I’ve learned — and understand — that you don’t always get to work with on a project that you personally relate to, a mission you support, or with a client you love. This makes sense to me — after all, I came from six years of finance where at the best of times I was getting two of those three. Excitingly, getting the chance to work with InUse-ReUse in a three week sprint afforded me that opportunity. Most importantly: the team on this project was awesome.
My main tasks on this project were:
As with all projects in this space, there was also significant conversation and input given to the UI designer to stay aligned.
InUse-ReUse is a pallet and wood waste collection company based in South London. They work with local municipalities, markets, and businesses to collect, process, and reuse or recycle the collected pallets. With today’s emphasis on a circular economy, there is a growing need for businesses to engage in sustainable practices across all facets of their work. Over the next few months, they’re also entering the upcycled furniture space. Their motto encompasses where they are, and where they’re going:
Reclaimed. Recycled. Reloved.
We worked with InUse-ReUse to tackle two problems: businesses throughout London do not have an easy way to organise and manage pallet collections, and consumers don’t have enough access to high quality, customisable, upcycled furniture. As InUse-ReUse’s core business at the time is around the pallet collection and recycling, we were asked to prioritise the business-facing problem.
To solve this problem, we designed a mobile application that could be used by businesses and consumers alike. Blending the two together into one ecosystem epitomised the concepts of a circular economy, and has not been done before.
With only three weeks to research, develop, design, and test an MVP, we had little time to become experts. While we knew that we’d want to get a survey out to consumers as soon as possible, it would be important to figure out what exactly we’d want to know from a larger population. Our first step was to conduct a competitive analysis and a series of interviews using contacts we received from the company.
On the business side (which I’ll refer to as B2B throughout), it quickly became obvious that there are a very significant number of “companies” around London offering pallet / wood waste collection services. I use companies loosely — in an age where anyone can throw together a website, it was difficult to tell who had established themselves within the industry as a reputable service, and who was a “man with a van” hoping for a call. Either way, most of the websites looked like they were from the early 2000s, hardly instilling a first impression of professionalism and trust. Further, every single site required the user to call, or fill out a contact form. We’d also learn from speaking with business owners that they did not want to spend this time scheduling / filling out forms, leading to more calls and scheduling — the process of environmental disposal, while important to them, was not their core business.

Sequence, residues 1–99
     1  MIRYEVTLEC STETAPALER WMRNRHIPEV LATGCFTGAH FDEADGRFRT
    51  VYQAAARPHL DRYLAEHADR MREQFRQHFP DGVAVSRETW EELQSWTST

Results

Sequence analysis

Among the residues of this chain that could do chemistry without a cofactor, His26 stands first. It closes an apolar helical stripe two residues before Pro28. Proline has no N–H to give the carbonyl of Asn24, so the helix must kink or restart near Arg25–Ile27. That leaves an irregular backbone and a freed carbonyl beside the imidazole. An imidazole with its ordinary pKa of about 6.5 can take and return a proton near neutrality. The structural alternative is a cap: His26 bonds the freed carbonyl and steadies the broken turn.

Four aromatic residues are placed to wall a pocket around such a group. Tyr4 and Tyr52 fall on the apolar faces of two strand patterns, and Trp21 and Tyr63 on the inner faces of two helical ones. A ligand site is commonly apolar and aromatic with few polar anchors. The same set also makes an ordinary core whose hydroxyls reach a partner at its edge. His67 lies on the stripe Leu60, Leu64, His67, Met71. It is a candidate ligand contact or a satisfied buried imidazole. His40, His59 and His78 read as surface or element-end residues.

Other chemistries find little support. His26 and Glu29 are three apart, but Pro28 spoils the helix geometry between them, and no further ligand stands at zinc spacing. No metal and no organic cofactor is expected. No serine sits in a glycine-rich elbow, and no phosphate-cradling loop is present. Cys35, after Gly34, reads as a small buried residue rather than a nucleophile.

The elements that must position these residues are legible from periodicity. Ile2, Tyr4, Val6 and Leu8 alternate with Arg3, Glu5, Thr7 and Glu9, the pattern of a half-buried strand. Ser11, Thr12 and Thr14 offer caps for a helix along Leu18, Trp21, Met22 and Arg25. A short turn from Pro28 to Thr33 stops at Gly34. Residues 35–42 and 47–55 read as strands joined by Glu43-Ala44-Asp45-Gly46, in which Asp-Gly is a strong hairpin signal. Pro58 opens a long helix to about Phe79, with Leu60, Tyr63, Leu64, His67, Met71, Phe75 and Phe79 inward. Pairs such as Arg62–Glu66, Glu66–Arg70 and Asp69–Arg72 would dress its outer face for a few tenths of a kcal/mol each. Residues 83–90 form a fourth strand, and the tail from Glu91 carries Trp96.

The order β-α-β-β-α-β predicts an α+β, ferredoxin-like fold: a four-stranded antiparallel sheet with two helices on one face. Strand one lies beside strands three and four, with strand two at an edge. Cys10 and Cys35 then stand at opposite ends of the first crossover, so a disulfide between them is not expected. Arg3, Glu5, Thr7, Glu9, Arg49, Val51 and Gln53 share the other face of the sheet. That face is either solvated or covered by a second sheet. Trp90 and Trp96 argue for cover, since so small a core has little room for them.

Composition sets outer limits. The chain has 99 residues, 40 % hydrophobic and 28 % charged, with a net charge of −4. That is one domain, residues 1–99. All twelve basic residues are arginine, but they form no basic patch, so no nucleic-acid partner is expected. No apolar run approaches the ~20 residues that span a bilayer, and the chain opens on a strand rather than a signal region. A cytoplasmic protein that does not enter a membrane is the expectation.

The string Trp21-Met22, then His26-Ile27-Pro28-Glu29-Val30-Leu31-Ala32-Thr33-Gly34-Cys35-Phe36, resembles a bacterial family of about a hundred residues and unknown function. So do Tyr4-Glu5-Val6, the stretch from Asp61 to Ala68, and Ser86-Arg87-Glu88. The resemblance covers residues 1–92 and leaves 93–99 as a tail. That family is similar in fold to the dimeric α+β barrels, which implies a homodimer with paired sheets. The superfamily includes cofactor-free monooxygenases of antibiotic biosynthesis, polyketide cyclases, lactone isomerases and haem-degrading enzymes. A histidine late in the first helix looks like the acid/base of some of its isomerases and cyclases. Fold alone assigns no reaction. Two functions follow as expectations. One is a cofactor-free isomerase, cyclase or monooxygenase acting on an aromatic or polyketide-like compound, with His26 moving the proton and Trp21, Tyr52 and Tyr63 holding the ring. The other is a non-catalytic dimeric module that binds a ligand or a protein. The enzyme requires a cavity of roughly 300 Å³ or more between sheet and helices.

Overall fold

Some of the more premium services — and there were only a handful of them — offered a more professional, personal, and streamlined service. However, nearly all of them had minimum collection requirements of at least 100 pallets a week. For context, we were talking to businesses and collection companies that were using 100 a month. Interestingly, a number of these large companies had produced their own case studies — and all had the same themes in common: reliability and accountability. A quote at the beginning of a case study from the largest pallet collector around London read:
[Company] had a pallet collection arrangement in place however poor service due to missed collections meant valuable space on their sites was being taken up by the wooden packaging
It was incredible to us that this quote was their main value proposition. However, through continued interviews and research, these sentiments were echo’d by businesses on both sides of the transaction. One other pallet collector we spoke with stressed the importance of “just showing up” for the collections. He also cited his own logistical problems in the past — a van he thought he’d be able to use was no longer available, etc. This is frustrating and inconvenient for everyone involved, and with the tools at our disposal today this simply isn’t a problem that should exist.
Excitingly, in all our research, one key piece of data continued to hold true: While everyone we spoke to had a smartphone, there was no mobile application out there to solve this problem.
On the consumer front (you guessed it, B2C), there has been a movement towards sustainability on all fronts, and furniture has been no exception. Throughout our competitive analysis, we found plenty of companies that have upcycled offerings (at least 1 out of 3 of the major online retailers — Etsy, Amazon, Made, to name a few), but also recognised that the trend hasn’t fully entered the main stream.